The centenary of the Great War’s conclusion is a good time to remember a British fighter ace who went on to become the world’s fastest motorcyclist
Eleven o’clock on November 11 heralds 100 years since the end of the so-called war to end all wars. Royal Air Force fighter pilot Captain Owen Baldwin marked the occasion with this entry in his service record. “War ends on a spectacularly noisy note – a splendid show of Very lights accompanied by much hooting of klaxons.”
Baldwin was a late arrival to the first air war. His mechanical skills, learned while tinkering in his father’s garage in the early years of the 20th century, had got him a post with the Mechanical Transport section of the Army Service Corps, where he was kept busy fixing and riding motorcycles. He got his chance to be a pilot following the so-called Bloody April of 1917, when British pilots were being shot out of the sky at a terrifying rate by the better-equipped Germans.
The Royal Flying Corps (which became the RAF in April 1918) desperately needed new recruits. Baldwin fitted the bill perfectly, because if you had the mechanical skills to master an engine in a motorcycle, you could most likely master an engine in an aeroplane. His transfer papers read thus: “Sobriety? Good. Is he reliable? Yes. Is he intelligent? Very.”
Baldwin got his wings in January 1918; perfect timing, because the RFC was taking its first deliveries of the Sopwith Camel, an excellent plane that helped Britain recapture the skies above the Western Front. And he didn’t waste time getting down to business. He shot down his first Fokker in April. By October he had downed a further 15 German planes, including five in one day during September, as the Allies pushed home their advantage.
The French awarded Baldwin the Croix de Guerre and Chevalier de la Légion d’Honneur. The RAF gave him the Distinguished Flying Cross and bar. “A gallant and skilful pilot, showing at all times fearlessness and resource,” wrote the DFC citation.
When the war ended many pilots didn’t know what to do with themselves. How could you follow the thrill (and terror) of fighting, wing to wing, at 10,000 feet? Baldwin, however, knew exactly what he wanted to do. He returned home to Twyford, Berkshire, where he prepared a Matchless-JAP for his racing comeback at Brooklands. The war had rudely interrupted Baldwin’s fledgling racing career, but no doubt his hand-to-eye coordination had been sharpened to a cutting edge by his wartime experiences.
Sure enough, the 32-year-old beat Brooklands legends Bert Le Vack, Joe Wright and another former RAF pilot Claude Temple to win the 1924 Brooklands 1000cc championship, riding a Zenith-Blackburne, which used an engine made in (of all places) Farnham, Surrey.
Like most top riders of the era, Baldwin’s ambitions turned towards the crown that brought the most prestige and the biggest bonuses: the land-speed record. In 1927 his bid to become the world’s fastest motorcyclist gained official support from Zenith, using a 996cc JAP engine, manufactured in John Alfred Prestwich’s factory in Tottenham, north London. Baldwin prepared the bike with his father, Louis Napoleon, who had worked at Twyford’s village mill until he saw the future and became a motor mechanic.
The latest JAP engine used plenty of technology that had been developed in wartime aero engines: overhead valves, aluminium-alloy pistons, valve overlap and so on. Interestingly, the man who had pioneered aluminium pistons was Walter Bentley, who before the war had contested the Isle of Man TT races on an Indian.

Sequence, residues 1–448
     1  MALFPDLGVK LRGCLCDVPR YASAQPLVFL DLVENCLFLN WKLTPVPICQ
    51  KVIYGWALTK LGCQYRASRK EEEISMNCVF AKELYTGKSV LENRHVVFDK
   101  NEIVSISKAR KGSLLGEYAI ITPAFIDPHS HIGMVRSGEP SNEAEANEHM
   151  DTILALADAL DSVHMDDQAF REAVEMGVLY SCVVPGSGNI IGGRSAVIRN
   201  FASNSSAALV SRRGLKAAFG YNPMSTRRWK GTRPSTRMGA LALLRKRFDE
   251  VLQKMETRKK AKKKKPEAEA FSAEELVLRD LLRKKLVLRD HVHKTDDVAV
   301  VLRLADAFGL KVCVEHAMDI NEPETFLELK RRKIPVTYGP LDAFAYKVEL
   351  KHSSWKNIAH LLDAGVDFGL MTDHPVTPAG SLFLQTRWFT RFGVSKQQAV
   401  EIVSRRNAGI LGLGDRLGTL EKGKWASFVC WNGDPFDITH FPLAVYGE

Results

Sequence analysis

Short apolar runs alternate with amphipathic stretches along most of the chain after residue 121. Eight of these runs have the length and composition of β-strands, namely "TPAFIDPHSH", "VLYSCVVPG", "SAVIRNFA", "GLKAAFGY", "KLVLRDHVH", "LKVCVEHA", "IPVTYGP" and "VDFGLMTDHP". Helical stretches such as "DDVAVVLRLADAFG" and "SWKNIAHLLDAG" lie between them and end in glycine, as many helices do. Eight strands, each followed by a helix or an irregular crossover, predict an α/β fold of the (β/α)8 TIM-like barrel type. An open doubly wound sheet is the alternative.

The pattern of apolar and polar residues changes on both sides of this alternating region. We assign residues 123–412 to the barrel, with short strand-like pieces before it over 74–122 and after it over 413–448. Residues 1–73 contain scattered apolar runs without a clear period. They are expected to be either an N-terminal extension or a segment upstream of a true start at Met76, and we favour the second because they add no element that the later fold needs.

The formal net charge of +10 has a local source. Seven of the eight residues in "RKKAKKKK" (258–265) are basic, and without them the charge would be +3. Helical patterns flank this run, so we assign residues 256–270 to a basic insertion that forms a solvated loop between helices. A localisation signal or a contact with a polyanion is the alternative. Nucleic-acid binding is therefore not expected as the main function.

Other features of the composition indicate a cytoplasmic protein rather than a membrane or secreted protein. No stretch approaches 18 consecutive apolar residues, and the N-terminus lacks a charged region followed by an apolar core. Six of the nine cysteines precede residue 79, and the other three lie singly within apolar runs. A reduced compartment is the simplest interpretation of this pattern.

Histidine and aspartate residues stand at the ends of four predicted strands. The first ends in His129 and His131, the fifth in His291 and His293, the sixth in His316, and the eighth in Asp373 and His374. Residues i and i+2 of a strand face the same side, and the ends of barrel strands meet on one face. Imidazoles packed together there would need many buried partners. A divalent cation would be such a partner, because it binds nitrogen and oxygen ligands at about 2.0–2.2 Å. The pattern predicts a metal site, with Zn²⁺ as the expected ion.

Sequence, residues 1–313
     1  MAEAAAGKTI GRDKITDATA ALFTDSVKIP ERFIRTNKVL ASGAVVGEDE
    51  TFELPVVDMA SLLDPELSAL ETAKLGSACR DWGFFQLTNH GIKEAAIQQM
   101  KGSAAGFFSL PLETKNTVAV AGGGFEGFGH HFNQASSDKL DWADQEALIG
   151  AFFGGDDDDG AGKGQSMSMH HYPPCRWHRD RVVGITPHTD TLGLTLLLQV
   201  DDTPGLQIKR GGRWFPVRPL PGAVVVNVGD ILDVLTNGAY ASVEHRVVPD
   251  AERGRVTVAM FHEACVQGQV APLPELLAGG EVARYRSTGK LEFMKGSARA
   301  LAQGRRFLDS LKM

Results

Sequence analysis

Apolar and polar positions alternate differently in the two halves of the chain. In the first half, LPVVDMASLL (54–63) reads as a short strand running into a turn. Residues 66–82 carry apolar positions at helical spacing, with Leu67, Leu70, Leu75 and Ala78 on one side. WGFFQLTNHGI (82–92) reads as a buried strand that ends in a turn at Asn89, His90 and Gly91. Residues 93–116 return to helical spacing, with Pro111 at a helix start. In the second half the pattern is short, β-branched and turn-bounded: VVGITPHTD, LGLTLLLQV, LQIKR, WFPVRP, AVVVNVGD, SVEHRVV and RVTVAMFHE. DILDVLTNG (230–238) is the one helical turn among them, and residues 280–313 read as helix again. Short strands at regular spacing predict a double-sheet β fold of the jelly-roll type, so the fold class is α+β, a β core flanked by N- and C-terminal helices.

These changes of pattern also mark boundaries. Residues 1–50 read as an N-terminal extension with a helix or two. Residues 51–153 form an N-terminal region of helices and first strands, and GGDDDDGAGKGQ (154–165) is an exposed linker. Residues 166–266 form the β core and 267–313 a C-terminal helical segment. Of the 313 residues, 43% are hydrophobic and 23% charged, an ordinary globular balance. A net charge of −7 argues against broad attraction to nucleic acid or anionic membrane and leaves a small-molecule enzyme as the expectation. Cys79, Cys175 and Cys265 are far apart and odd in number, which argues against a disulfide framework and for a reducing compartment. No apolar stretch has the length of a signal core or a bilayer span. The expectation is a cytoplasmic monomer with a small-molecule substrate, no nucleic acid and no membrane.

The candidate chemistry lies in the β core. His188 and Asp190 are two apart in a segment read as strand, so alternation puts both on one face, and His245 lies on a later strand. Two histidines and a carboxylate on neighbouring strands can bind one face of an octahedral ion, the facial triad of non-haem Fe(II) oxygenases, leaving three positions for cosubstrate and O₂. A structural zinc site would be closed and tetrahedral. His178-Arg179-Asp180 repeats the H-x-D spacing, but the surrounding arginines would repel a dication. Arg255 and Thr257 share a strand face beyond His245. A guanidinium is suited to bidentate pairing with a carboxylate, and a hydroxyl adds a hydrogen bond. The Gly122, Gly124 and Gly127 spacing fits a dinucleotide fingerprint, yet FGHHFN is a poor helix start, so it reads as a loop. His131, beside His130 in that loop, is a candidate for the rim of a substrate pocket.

In August 1928 Baldwin returned to France, aiming for the old Roman road that runs straight and true for four miles outside the town of Arpajon, south of Paris. Unlike the British, the French were happy to close public highways to indulge their love of the internal combustion engine, so for two days each summer the Paris-based Fédération Internationale des Clubs Motocyclistes helped turn this stretch of blacktop into Europe’s speed mecca. The annual event was a hit with the locals; with 5000 folding chairs provided for spectators, who bought food, wine and coffee from open-air buffets along the course, as a small army of gendarmes kept them on the right side of the fence.
Baldwin’s aim was to better the 121.4mph record established two years earlier at Arpajon by Temple, riding an OEC-JAP. His Zenith featured various differences from his Brooklands bikes – most obviously lower handlebars and higher gearing, plus small dished fairings either side of the front wheel, not unlike the dished undercarriage wheels fitted to the Sopwith Camel. The JAP vee-twin engine produced almost 60 horsepower at 4800rpm.
Baldwin wore his usual racing attire of cork pudding-basin helmet, pilot’s goggles, white cotton overalls and leather shoes. And he had just three two-way runs in which to attack the record. His final flying kilometre was very fast, but a tenth of a second outside Temple’s 18 seconds. Too close to give up, he paid the FICM another few francs for one more two-way attempt.
He knew there was nothing he could do to make his bike faster, so he wrapped a split innertube around his torso, then wound sticky tape around the tube, his arms and legs to stop the overalls flapping in the wind. His final northward run took 17.56sec, his final southward run 18.34sec. The record was his, at 124.62mph.
The following year a new power emerged in the race for the land-speed record. BMW broke Baldwin’s record with a supercharged boxer twin, designed by Max Friz, the creator of BMW’s first engine, an inline six that had powered the final iteration of Fokker fighter planes. By 1937, BMW – with Hitler’s backing – had raised the record to 173.67mph.
Mat Oxley has covered premier-class motorcycle racing for many years – and also has the distinction of being an Isle of Man TT winner